Alberta and Saskatchewan – how do they fit in Canada?

In 2016 I went to Calgary for a family visit. It was one of the last visits there, since I moved to the East Coast. And that time, as sensing that not that many more of these visits are ahead of me (but not knowing that as matter of fact), I gave myself permission to a lot more private, solitary time to walk through the city, in many ways city of my youth.  I have lived there, in earlier times, close to 15 years. The city has changed a lot since. Not much for the better – typical spreading with mostly ugly neighborhoods that were taking over grasslands, fields on the outskirts and close by rural communities. But the Downtown was reinvented and re-invigorated nicely. I stuck mostly to the old Calgary – familiar and full of memories. Some were bad – but, as is in life – bad memories fade with time, good ones – remain.

During one of my evening walks on the southern part of Downtown (close to 4th Street SW were I had my very first apartment in Calgary) I noticed very disturbing occurrence. It was a time of some sort of election, I think provincial. As in any other community, there were election signs of candidates, parties. Right on the edge of an old, small park with Calgary’s Cenotaph was a sign of NDP party. Not the most popular in Alberta – but an established and strong political force in the city and province for as long as I remember (much stronger then Liberal Party, traditionally very disliked there). A very young, in their twenties, couple walked by. It was obvious they were not poor or from shadowy element. They were loud, happy. An evening revellers. Suddenly, they stopped, he talked something to her. She stood aside and carefully looked around, than  gave him a nod and the guy just ripped the sign off, broke it into pieces and threw to the park bushes. They walked quickly off. I was a full intersection away. Should I run after him, yell? Pointless. The crime was done. Calling police was too late, as they quickly disappeared into next street. It angered me. And reminded of that nasty element of political intolerance that always existed in Alberta. The right wing feeling of entitlement. To what? I don’t know, nor understand it. But it was present there in the 80ies, when I settled there. To some point as the reaction to Pierre Trudeau’s plans for the abandoned National Energy Plan – an idea hated in the Prairies.  As a side note it is worth noting that just few weeks ago, in National Election 2019, no other but the Conservatives flaunted the idea of Trans Canada Energy Corridor … . Hmmm, funny how ,principal views’ are dependent on political expediency … . What was once (still is) viewed as an assault on provincial jurisdiction, now is being proposed as wise and beneficial to all.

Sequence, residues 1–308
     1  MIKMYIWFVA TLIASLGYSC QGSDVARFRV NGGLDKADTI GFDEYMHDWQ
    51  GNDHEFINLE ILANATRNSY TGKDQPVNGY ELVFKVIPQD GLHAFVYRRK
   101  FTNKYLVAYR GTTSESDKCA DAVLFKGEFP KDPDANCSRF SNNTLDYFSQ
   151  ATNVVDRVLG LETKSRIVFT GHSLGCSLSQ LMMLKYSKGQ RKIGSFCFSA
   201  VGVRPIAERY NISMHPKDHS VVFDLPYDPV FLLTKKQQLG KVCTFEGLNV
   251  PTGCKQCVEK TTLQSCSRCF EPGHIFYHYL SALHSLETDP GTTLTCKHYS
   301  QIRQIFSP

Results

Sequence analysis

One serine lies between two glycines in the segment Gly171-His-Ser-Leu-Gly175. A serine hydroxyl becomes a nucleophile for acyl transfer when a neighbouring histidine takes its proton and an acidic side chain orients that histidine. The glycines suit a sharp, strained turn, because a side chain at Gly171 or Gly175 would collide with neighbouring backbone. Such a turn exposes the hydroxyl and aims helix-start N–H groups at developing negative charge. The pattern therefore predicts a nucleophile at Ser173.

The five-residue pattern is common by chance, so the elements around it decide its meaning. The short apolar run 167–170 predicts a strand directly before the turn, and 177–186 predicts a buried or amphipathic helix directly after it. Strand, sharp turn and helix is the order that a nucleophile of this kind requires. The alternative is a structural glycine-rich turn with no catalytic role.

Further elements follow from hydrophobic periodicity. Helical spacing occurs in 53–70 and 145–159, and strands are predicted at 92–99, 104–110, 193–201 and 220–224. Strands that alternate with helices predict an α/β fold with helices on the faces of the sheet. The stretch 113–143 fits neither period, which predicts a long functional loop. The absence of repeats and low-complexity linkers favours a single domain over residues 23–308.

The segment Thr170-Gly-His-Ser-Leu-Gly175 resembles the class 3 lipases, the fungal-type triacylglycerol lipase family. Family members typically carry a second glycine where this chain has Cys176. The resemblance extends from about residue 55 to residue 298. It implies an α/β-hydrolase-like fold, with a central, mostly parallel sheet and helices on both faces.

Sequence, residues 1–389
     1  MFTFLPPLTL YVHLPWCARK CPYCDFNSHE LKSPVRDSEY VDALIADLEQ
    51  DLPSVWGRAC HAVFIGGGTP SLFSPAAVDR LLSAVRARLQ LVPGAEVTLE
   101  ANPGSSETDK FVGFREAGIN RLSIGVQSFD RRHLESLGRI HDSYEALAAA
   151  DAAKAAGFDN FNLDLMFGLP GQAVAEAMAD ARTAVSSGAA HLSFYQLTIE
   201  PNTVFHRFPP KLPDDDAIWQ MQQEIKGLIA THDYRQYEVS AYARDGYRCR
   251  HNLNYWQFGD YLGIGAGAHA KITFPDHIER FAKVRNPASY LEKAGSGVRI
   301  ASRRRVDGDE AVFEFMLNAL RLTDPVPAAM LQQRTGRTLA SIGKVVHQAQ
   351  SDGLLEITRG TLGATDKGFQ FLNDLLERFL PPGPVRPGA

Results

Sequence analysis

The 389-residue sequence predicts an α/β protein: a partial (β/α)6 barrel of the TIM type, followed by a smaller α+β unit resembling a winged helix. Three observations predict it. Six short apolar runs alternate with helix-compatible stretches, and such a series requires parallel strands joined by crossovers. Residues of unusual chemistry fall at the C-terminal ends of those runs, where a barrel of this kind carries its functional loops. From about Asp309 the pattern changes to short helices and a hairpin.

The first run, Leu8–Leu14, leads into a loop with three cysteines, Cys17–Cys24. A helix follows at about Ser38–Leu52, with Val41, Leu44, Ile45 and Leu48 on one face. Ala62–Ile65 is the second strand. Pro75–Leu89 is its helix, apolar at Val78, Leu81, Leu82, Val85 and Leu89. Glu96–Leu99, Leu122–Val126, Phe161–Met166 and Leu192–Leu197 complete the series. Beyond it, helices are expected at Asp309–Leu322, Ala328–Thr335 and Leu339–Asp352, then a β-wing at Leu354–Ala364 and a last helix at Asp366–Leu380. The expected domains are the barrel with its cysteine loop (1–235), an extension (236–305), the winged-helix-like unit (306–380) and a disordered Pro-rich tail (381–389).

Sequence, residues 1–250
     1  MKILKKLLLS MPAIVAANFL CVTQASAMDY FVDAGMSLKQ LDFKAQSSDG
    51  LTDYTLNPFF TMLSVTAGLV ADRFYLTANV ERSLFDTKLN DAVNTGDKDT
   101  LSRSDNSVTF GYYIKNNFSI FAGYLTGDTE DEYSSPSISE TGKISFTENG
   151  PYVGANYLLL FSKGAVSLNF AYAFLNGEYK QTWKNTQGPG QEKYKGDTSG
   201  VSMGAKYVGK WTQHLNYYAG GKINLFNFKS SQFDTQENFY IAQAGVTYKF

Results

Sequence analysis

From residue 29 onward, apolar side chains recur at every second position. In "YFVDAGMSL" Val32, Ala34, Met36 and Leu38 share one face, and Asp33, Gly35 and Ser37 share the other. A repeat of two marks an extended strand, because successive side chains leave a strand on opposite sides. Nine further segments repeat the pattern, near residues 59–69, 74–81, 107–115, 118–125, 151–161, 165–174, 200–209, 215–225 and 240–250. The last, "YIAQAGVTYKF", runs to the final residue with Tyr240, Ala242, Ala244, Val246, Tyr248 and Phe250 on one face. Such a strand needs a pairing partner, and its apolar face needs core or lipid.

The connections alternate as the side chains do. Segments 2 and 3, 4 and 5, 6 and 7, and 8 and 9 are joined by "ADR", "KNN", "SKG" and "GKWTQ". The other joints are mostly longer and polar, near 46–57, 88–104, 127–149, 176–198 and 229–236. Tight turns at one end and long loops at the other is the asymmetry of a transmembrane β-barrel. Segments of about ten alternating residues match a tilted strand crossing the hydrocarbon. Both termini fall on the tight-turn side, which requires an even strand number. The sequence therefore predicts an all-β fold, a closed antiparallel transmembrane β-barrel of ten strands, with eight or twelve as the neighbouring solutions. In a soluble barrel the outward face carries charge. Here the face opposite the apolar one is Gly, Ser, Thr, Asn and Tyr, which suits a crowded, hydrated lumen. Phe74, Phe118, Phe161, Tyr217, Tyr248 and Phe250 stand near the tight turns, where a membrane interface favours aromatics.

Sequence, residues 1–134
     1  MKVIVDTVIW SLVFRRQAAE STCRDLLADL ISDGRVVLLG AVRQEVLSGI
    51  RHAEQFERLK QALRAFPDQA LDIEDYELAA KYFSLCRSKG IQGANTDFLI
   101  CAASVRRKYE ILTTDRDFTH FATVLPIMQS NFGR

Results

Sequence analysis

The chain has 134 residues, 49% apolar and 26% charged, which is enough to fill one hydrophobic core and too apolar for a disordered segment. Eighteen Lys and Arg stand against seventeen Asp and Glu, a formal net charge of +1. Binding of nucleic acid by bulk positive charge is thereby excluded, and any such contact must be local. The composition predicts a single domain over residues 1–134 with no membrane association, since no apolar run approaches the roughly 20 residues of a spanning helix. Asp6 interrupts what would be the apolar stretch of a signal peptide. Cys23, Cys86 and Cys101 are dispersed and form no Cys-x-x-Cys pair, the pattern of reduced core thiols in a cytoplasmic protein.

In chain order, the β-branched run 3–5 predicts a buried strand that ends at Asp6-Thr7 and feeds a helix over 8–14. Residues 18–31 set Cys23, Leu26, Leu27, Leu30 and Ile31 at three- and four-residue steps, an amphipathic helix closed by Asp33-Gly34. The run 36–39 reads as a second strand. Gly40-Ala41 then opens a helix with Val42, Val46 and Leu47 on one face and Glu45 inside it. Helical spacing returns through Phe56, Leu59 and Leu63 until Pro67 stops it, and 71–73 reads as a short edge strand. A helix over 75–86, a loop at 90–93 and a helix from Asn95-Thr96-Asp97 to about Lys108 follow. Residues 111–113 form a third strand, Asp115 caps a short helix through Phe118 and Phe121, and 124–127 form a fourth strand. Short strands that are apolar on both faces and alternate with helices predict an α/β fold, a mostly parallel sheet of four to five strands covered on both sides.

But back to memories of political climate in Alberta. I think it got worst after the passing of political leadership of Peter Lougheed – a staunchly protective premier of Alberta, but even more staunchly Canadian. I think he was the last premier of that province, who truly and unwaveringly believed in the supremacy of Canadian unity over any separatist sentiment of ultra-right Albertans. During our just finished National Election, that spectre of Western alienation and separatism was mentioned as a warning many times.  And was stressed that the Liberal government of Pierre’s son, Justin Trudeau resurrected that feeling in the Prairies. That is a blatant lie. A lie repeated every time there is a Liberal government in Canada. That feeling always existed there and was always used to blackmail Ottawa. I remember very well times, when Alberta’s conservative governments did not shy to form close ties with Quebec separatist governments of non-other than staunchly separatist’s Quebec premier Levesque to plot against Ottawa. When it was convenient to force their hand against Ottawa. All of it came back to me as I listened to stories from this election of Albertans, who were afraid to post any sign on their property for either NDP or Liberal parties. They were actually afraid. Physically and psychologically. And it is disgusting. It never went that far in my memory. It would be probably a challenge to find a time, when both Alberta and Saskatchewan did not elect a single MP not from conservative party. It all changed after forming of Reform Party and destroying the old Progressive Conservative Party of  MacDonald. The new conservative party, formed by Stephen Harper, failed to see beyond the borders of the West, failed to notice ever more urban citizens of this country. But demand respect and special status instead. It’s fine that their base is in the West, especially in the oil-rich West. But Canada neither starts nor stops in Regina and Edmonton. Their inability to get above 32-35% popular vote speaks volume to the problem.   And one more think – when I settled there it was the beginning of the 80ties in the XX century. The end phase of many oil booms that the province had. There was plenty of money still around. Establishment (smart) of Heritage Fund in Edmonton from proceeds of that boom. After that were years of drier income and another booms. That’s forty years of history. What happened to diversification, to support and building of new industries, new sources of wealth? Every time there was a bust – there were promises that Alberta would diversify, would invest in more resilient future. And what? The same questions remain today. Saskatchewan was doing OK with rich farmlands and world leadership in production of potash. But the market for potash collapsed years ago, food markets are strong but increasingly competitive – where is the planning, the modernization of economic base? Is it all Ottawa’s fault, the Trudeaus and Chretiens, the Turners and Martins? Is it always perennial ‘them’, never ‘us’ philosophy?